Infusion-Compatible Antibiotic Formulations for Rapid Administration to Improve Outcomes in Cancer Outpatients With Severe Sepsis and Septic Shock: The Sepsis STAT Pack.

J Natl Compr Canc Netw 2017 04;15(4):457-464

Vaccine and Infectious Diseases Division, Fred Hutchinson Cancer Research Center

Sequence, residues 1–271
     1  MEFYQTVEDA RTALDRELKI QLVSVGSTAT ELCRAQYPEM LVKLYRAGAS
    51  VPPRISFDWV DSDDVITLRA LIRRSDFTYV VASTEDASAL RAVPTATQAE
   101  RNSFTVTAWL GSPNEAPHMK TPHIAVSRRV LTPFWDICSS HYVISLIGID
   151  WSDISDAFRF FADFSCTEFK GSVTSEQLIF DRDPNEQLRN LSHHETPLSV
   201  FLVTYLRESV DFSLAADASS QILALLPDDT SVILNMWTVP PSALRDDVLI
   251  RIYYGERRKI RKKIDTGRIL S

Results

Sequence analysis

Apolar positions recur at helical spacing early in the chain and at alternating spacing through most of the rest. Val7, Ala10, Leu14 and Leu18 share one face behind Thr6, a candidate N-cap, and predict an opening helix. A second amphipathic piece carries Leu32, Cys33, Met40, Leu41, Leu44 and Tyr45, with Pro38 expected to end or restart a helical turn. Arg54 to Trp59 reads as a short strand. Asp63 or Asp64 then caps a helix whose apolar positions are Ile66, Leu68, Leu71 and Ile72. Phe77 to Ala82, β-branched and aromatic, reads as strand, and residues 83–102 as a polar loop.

Patients with cancer are at high risk for severe sepsis and septic shock (SS/SSh), and a delay in receiving effective antibiotics is strongly associated with mortality. Delays are due to logistics of clinic flow and drug delivery. In an era of increasing antimicrobial resistance, combination therapy may be superior to monotherapy for patients with SS/SSh. At the Seattle Cancer Care Alliance, we implemented the Sepsis STAT Pack (SSP) program to simplify timely and effective provision of empiric antibiotics and other resuscitative care to outpatients with cancer with suspected SS/SSh before hospitalization. Over a 49-month period from January 1, 2008, through January 31, 2012, a total of 162 outpatients with cancer received the intervention. A retrospective cohort study was conducted to determine outcomes, including mortality and adverse events associated with the use of a novel care bundle designed for compatibility of broad-spectrum antibiotics and other supportive care administered concurrently via rapid infusion at fixed doses. Of 162 sequential patients with cancer and suspected SS/SSh who received the SSP, 71 (44%) were diagnosed with SS/SSh. Median age was 53 years and 65% were men; 141 (87%) had hematologic malignancies, 77 (48%) were transplant recipients, and 80 (49%) were neutropenic. Median time to completion of antibiotics was 111 minutes (interquartile range, 60-178 minutes). A total of 71 patients (44%) had bacteremia and 17% of 93 isolates were multidrug-resistant. Possibly related nephrotoxicity occurred in 7 patients, and 30-day mortality occured in 6 of 160 patients (4%), including 3 of 71 (4%) with SS/SSh. Risk of developing SSh or death within 30 days increased 18% (95% CI, 4%-34%) for each hour delay to completion of antibiotics (=.01). Rapidly administered combination antibiotics and supportive care delivered emergently to ambulatory patients with cancer with suspected SS/SSh was well-tolerated and associated with excellent short-term survival.